The most important thing Paul Ryan said after his much-hyped meeting with Donald Trump on Thursday had nothing to do with endorsing the GOP's presumptive nominee, or with talking Trump into supporting the conservative ideas that the candidate has said aren't necessarily part and parcel of the party. The most important thing Ryan said had to do with reasserting the place of Congress as first among the three co-equal branches of the federal government.
Ryan said the men "discussed the core principles that tie us all together: principles like the Constitution, the separation of powers, the fact that we have an executive that has gone way beyond the boundaries of the Constitution, and how it's important to us that we restore Article I of the Constitution." He has been hitting on this theme a lot recently, as well he should: Over the past 15-plus years, a consistent message brought by inconsistent (read: partisan) messengers is that the executive branch has become too powerful. Liberals said it about George W. Bush; conservatives have leveled the charge at Barack Obama. If they had any principle to them -- a big "if" -- both groups should be willing to sound the alarm now, when it's unclear which party will control the White House starting in January.
Ryan, at least, is willing to make that argument. And two pieces of news since Thursday's Ryan-Trump meeting underscore why others should join him.
The first was a federal court ruling that the Obama administration was wrong to spend money on Obamacare subsidies that Congress hadn't appropriated. Just because Congress authorized the program (when it passed the Affordable Care Act) doesn't mean the administration can spend money on it if Congress hasn't also authorized funding for it. "Congress is the only source for such an appropriation, and no public money can be spent without one,” wrote U.S. District Judge Rosemary Collyer.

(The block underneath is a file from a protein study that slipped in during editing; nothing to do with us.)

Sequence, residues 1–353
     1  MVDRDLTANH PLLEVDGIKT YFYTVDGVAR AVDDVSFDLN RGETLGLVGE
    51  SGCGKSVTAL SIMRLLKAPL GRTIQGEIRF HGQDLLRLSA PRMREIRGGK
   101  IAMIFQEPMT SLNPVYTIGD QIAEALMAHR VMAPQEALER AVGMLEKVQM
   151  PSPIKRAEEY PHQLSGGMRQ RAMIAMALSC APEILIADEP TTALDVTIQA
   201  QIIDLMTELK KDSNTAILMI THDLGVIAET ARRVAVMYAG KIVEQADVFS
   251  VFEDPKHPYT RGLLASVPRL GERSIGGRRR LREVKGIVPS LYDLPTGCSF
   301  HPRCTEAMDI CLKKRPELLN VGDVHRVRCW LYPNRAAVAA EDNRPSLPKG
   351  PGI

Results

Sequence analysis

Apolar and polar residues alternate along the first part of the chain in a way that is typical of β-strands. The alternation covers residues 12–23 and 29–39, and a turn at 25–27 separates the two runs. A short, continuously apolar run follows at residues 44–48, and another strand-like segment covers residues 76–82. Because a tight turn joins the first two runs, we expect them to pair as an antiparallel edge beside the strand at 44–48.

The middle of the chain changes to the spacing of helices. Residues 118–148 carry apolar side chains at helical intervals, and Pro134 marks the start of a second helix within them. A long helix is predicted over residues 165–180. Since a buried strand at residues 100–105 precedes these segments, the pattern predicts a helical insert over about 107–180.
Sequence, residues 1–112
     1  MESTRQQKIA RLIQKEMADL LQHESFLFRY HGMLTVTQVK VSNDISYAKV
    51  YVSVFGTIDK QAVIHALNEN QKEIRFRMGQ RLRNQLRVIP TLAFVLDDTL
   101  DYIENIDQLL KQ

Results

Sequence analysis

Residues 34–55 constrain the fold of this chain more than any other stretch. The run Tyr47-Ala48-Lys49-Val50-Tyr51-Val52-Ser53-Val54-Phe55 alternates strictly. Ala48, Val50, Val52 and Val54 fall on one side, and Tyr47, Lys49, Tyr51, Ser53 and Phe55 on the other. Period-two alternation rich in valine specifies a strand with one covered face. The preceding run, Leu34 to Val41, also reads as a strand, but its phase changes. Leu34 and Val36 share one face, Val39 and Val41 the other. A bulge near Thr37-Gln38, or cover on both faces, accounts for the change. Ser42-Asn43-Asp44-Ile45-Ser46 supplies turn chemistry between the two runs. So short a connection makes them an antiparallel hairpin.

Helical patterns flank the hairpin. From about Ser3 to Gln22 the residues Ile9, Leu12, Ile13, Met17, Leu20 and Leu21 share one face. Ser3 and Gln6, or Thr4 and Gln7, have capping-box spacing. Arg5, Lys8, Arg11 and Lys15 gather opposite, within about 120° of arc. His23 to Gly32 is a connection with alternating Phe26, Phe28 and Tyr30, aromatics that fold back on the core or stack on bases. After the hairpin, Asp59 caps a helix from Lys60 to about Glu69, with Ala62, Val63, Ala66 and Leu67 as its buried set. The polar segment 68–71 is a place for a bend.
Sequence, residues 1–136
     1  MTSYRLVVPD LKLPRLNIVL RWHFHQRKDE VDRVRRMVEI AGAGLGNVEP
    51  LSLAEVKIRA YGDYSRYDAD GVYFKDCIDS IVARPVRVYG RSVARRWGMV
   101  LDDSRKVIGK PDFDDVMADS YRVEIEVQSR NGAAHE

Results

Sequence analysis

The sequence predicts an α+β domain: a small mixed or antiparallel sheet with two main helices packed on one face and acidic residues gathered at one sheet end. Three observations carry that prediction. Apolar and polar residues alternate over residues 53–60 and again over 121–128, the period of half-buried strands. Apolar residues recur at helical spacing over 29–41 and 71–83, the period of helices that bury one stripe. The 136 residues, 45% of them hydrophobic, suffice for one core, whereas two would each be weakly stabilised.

Democrats who howled about Bush's powers in office want to paint this lawsuit, which was filed by the House GOP, as a matter of animosity toward poor people (the subsidies in question go to insurance companies on the Obamacare exchanges that have enrolled, and in turn subsidized, low-income customers). And maybe you are inclined to believe the only reason the House GOP sued in this case was because it doesn't like Obamacare and is running out of ways to stop it. OK, fine. That doesn't change the fact the principle here is the correct one: Only Congress has the power of the purse, and if the Supreme Court can rule the line-item veto unconstitutional because it usurps the legislature's power to spend money, then it should follow that the executive branch also acts unconstitutionally when it usurps the legislature's power not to spend money.
Then this morning the Departments of Education and Justice issued "guidance" that every public school in America must allow transgender students to use the bathroom of their choice. This is based solely on the administration's belief that "sex discrimination" barred by Title IX includes gender identity. The administration doesn't want this novel, legally unproven theory about the meaning of "sex" to be subject to the legislative process, but rather to make law (a legislative duty) by interpreting the law (a judicial prerogative).
If you support this action because you support the result, imagine for a moment that the DOJ and DOE were instead decreeing that no public school shall allow transgender students to use the bathroom of their choice. Legally and constitutionally, there is no difference between the two actions; if you object to one, you should also object to the other. Or, at the very least, you should stop pretending you care about executive overreach, just overreach by the other party.
One irony of the Obama administration's many overreaches is that they have been crucial to the rise of a man the left detests. That's because Trump has, if nothing else, run as a man who would simply use the powers of the presidency, exaggerated by President Phone-and-Pen, for different ends. Paul Ryan is right to resist this no matter who the president is, now or come Jan. 20, and if Democrats won't acknowledge that, other congressional Republicans should. As I said jokingly last summer, it's perhaps the best thing that could come of Trump as a serious presidential candidate.